Lions learn of boat wreck

Lions learn of boat wreck
The Nov. 17 meeting of the Vermillion Lion's Club was called to order at 6 p.m. by Vice President Allen Johnson. Catherine French, former Zone Chair of Yankton and her husband, Freeman, were guests of the local club. Two patches honoring membership growth and retention were displayed; they had been awarded by the National Office for new and retained membership growth in the years from 2003 to 2005. These will be attached to the club banner by Lion Barbara Campbell.

New brochures describing the work of the Lions were distributed as well as local directories of membership and committee responsibilities. The Christmas party will be held on Dec. 15 at 6 p.m. at the Winery. Christmas boxes will be filled for distribution during December.

Lion Catherine French invited the membership to the Zone meeting which was held in Yankton on Monday, Nov. 21. Lion Catherine then presented the Proud Lion award to Jacquie Lonning and Maxine Johnson who had both completed requirements to earn this award during their first year of membership in the Lion's organization.

Lion Allen Johnson introduced Professor Larry Bradley, USD Sociology professor, who spoke about the North Alabama, a cargo boat which has recently surfaced for the third time since its sinking in 1870. He discovered the carcass of the boat while kayaking on the Missouri River � since then it has been studied by himself, students, and National Park crews.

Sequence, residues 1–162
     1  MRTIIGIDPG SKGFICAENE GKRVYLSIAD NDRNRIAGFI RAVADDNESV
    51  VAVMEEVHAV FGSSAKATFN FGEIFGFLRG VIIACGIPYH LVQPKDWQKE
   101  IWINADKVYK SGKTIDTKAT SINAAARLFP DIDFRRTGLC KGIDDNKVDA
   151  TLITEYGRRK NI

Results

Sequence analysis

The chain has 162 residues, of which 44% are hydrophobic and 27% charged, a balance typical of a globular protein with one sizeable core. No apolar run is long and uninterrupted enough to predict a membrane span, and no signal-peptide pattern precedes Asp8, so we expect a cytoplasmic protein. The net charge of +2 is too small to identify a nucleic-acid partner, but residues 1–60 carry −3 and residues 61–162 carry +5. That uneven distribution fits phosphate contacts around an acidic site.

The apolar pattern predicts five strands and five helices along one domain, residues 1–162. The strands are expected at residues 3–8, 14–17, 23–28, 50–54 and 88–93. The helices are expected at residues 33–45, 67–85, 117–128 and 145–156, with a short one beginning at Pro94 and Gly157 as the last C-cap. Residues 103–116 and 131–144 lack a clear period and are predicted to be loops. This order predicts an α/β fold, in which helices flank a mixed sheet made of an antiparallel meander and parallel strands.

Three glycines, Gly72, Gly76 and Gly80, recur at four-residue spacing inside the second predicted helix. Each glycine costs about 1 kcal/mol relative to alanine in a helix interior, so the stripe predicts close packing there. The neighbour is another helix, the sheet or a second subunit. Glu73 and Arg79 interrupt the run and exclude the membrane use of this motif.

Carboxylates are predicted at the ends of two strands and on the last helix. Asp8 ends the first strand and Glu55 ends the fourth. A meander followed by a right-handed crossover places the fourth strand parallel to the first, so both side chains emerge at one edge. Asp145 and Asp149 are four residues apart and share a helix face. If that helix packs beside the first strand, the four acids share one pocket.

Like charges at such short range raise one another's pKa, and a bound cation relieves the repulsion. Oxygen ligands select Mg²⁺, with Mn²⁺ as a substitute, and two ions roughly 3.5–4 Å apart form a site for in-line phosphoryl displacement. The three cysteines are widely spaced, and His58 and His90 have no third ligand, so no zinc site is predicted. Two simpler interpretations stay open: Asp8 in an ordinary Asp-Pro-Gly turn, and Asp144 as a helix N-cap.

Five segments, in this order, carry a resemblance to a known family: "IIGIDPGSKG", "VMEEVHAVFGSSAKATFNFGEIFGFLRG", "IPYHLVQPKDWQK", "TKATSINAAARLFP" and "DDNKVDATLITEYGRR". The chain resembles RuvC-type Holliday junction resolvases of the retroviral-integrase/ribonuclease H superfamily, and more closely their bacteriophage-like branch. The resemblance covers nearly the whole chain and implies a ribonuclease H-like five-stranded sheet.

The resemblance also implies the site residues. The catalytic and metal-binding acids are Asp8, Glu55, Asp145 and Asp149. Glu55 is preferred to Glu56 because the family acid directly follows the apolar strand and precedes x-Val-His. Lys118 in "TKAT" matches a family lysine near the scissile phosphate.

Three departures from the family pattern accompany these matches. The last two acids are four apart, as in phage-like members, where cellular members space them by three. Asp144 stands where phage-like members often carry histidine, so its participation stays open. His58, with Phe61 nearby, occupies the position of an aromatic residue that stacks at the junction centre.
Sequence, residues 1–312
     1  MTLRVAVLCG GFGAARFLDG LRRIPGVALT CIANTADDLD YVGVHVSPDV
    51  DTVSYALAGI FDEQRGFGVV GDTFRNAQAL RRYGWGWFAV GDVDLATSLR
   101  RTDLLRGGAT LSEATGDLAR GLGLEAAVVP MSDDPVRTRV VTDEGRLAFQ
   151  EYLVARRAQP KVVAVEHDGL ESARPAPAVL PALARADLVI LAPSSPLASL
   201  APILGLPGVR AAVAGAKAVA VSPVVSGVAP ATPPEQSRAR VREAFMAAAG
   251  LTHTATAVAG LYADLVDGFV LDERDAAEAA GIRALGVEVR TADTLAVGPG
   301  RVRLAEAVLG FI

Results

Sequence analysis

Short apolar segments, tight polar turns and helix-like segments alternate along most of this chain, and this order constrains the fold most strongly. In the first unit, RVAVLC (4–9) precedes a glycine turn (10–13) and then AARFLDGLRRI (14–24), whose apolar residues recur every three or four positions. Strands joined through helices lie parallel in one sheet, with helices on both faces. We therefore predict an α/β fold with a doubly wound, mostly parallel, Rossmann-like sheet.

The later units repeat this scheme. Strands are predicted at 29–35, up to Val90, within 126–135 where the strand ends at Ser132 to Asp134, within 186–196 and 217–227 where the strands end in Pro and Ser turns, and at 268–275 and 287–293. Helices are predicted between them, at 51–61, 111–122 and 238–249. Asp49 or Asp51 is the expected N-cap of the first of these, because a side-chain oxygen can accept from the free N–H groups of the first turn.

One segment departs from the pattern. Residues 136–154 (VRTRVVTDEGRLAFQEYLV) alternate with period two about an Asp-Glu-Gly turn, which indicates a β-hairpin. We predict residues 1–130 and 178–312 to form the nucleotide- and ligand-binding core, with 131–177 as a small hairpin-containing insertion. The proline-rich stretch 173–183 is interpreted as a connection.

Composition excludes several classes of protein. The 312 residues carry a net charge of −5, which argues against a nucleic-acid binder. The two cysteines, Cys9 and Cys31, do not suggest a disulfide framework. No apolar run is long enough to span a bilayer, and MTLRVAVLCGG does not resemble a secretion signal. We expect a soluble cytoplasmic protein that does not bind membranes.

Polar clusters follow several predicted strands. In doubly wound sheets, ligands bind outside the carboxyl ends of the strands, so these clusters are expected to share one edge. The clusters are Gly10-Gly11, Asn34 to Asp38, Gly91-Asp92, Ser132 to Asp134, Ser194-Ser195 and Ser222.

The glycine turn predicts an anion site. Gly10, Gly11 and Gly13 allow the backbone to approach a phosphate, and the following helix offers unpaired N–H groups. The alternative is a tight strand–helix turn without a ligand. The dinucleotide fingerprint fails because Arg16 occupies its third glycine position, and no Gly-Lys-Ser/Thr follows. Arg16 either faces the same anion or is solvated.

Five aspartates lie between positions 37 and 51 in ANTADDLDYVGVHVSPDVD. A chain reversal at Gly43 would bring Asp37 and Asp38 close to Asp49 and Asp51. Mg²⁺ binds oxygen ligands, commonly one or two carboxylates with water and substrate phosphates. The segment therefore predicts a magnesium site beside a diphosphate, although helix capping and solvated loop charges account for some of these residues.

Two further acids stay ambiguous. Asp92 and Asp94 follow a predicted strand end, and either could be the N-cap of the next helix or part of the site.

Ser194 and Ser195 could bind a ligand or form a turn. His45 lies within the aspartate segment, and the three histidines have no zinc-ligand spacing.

Other years when the river allowed the wreckage of the North Alabama to be visible were 1906 and 1934; in 1998 it was viewed by use of a remote sensory device. At least seven wrecks are recorded between Sioux City, IA and Yankton. Some of the wreckages have been observed near Burbank and Ponca, NE. There are many stories to be told as to cargo and how or why the wreck might have occurred. There was always great speculation as to what the cargo was and the fate of the crews.

Photographs shown by Dr. Bradley enabled his listeners to observe the differences in the size and appearance of these various river vessels. He stressed that all of the boats were different and were usually built to specifications. Many were built in Pennsylvania and came to this area because of the need to transport supplies and men to the new frontier.

The wreckages left exhibit fine workmanship and Dr. Bradley indicated that the remnants of these old river boats will be in the care of local people who will be relied upon to protect and ensure their safety. Eventually, the ongoing work of all of those who have studied the wreckages will result in a publication which will chronicle the discovery and condition of these old hunks that came to be here via river traffic on the Ohio, Mississippi, and Missouri Rivers.

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